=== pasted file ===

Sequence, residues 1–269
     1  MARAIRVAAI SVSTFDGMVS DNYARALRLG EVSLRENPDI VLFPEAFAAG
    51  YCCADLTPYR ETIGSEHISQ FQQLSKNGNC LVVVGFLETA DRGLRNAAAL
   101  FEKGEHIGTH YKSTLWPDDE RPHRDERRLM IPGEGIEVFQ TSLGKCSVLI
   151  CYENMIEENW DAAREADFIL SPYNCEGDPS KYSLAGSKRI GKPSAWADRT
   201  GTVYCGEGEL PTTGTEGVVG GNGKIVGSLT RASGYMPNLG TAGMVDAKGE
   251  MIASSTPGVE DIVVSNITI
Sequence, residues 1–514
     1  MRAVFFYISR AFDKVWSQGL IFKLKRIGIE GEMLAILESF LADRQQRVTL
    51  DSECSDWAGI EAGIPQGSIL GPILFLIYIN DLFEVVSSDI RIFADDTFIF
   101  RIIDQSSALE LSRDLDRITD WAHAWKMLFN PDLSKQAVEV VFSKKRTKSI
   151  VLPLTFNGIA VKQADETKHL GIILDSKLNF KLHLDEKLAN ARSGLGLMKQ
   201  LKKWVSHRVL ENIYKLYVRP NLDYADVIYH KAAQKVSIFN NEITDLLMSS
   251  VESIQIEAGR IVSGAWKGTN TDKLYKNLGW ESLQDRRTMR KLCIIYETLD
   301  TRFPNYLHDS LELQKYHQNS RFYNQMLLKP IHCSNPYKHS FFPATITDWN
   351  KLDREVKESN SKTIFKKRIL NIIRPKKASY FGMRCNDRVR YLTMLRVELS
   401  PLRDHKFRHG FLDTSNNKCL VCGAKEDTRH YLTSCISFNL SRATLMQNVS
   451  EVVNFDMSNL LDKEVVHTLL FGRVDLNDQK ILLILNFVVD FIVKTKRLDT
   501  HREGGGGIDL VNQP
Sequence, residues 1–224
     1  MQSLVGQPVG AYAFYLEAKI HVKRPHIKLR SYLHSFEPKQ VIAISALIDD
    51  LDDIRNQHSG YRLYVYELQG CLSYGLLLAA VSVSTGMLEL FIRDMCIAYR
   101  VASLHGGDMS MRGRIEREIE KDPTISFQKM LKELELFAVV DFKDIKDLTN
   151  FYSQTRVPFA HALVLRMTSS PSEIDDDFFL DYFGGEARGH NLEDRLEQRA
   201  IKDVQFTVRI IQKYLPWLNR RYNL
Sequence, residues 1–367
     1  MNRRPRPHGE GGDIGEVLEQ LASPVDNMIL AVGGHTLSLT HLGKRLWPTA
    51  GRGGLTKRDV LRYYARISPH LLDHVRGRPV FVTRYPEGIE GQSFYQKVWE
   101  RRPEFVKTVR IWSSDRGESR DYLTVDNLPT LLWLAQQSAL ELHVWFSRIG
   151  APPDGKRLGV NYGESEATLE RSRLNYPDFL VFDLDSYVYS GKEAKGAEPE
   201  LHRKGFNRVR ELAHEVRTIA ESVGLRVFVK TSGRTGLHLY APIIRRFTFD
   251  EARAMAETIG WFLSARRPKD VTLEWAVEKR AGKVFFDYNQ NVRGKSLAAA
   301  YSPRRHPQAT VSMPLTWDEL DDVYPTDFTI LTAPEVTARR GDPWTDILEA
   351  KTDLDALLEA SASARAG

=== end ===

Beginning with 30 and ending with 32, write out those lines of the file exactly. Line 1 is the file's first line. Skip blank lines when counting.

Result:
   151  APPDGKRLGV NYGESEATLE RSRLNYPDFL VFDLDSYVYS GKEAKGAEPE
   201  LHRKGFNRVR ELAHEVRTIA ESVGLRVFVK TSGRTGLHLY APIIRRFTFD
   251  EARAMAETIG WFLSARRPKD VTLEWAVEKR AGKVFFDYNQ NVRGKSLAAA